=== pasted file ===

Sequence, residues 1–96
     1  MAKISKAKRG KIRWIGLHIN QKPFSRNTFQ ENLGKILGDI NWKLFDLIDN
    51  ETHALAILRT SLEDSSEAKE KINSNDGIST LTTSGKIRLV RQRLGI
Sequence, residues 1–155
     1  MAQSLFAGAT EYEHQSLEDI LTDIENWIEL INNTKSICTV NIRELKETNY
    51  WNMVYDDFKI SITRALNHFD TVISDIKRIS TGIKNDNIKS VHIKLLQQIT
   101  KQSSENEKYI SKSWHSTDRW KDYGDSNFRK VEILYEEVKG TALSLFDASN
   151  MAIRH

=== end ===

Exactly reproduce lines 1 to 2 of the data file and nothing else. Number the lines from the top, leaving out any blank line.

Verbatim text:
Sequence, residues 1–96
     1  MAKISKAKRG KIRWIGLHIN QKPFSRNTFQ ENLGKILGDI NWKLFDLIDN